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Paradise Lost

Summary Book XI
Summary Book XI

The whole sequence of visions contains a careful emotional balance between grief at the corruption of sin and joy at the redemption of the moral soul. Michael evokes this balance through these visions to inform Adam of humankind’s sins and punishments, as well as their sacrifices and rewards. Otherwise, he might have given up hope, and God does not want humankind to fall victim to the same despair that doomed Satan. On the other hand, Adam cannot fail to realize just how depraved humankind will become as a result of the fall—Adam and Eve’s sins will be repeated again and again by their children and their children’s children. The vision of ensuing decay through war, disease and intemperate living gives Adam a tremendous sense of worry and shame. But the figure of Enoch, the one who is saved by God, demonstrates the need to stand up for one’s moral beliefs, even if other nonbelievers will kill one for such integrity. The strength and hope in Enoch’s story gives Adam the confidence he needs to continue living obedient to God.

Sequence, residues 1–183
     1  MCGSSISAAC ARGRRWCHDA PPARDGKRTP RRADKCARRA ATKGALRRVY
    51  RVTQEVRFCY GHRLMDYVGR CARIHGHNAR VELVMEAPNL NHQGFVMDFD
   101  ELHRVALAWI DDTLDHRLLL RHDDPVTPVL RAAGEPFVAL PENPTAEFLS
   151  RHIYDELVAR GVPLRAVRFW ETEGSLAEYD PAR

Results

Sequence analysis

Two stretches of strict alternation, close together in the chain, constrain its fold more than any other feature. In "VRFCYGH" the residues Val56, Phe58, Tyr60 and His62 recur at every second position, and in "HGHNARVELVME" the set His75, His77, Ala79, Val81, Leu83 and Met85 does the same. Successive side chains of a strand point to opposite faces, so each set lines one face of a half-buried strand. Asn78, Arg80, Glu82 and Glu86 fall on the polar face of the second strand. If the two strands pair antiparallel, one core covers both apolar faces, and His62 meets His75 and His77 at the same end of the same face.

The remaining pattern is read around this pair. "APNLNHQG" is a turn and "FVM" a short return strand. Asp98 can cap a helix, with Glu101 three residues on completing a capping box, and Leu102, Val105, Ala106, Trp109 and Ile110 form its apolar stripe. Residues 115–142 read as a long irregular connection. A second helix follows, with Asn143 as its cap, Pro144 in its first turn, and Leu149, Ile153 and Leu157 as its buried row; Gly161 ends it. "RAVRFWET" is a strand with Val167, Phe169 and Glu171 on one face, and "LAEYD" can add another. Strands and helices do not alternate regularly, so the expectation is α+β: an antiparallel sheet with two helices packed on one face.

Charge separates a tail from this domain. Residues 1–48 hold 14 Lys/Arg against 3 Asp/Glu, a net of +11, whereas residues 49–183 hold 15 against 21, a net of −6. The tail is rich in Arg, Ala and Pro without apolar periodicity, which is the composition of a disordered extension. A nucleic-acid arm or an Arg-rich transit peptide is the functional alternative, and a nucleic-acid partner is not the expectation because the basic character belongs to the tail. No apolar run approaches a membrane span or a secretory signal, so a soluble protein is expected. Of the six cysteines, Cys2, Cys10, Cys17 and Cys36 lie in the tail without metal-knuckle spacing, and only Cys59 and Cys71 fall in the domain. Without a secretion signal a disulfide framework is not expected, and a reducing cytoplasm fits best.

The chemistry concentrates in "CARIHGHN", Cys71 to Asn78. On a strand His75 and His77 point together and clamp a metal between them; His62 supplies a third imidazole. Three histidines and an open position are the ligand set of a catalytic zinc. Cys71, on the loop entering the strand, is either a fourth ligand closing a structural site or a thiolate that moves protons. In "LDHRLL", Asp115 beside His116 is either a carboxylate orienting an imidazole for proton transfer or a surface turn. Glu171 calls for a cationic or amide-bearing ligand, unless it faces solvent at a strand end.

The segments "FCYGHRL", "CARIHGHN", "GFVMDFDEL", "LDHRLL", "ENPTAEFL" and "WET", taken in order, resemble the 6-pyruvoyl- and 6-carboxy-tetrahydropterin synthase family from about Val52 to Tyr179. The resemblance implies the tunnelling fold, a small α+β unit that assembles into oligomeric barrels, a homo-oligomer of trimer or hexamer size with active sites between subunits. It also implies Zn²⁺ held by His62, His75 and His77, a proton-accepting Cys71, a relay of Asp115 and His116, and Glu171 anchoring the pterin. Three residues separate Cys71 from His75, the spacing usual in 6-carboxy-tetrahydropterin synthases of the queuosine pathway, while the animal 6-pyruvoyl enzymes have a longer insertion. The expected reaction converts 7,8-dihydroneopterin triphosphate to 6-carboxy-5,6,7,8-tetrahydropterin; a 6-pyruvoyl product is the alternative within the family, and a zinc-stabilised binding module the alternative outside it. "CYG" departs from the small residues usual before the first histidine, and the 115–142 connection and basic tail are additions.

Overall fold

Milton presents Adam, along with other men from his vision, as prefigurations of Christ. The whole scene with Adam on the mountain prefigures an event in Jesus’ life. In the Gospels, Satan takes Jesus up onto a mountain and offers him all the kingdoms of the world, if he will bow down in worship to the devil. Adam’s time on the mountain is not such a test, but it does tax his courage. Likewise, Enoch’s ability to stand up for his beliefs shows the redemptive qualities of humankind. The story of Noah shows that his unwavering belief in God helps to save the virtues of humankind. Noah is given such an important place here because Milton, like many other Christian thinkers, thought of him as a Christ figure: a single man whose virtue in the face of evil saves humankind. From the stories of Enoch and Noah, Adam can recognize the power of devotion to God. These visions, and Adam himself, demonstrate the path of greatness that prefigures the salvation of humankind through Jesus’ sacrifice. These visions also demonstrate Milton’s belief that a true measure of a person, from Adam up until modern times, is his or her virtuous relationship with God.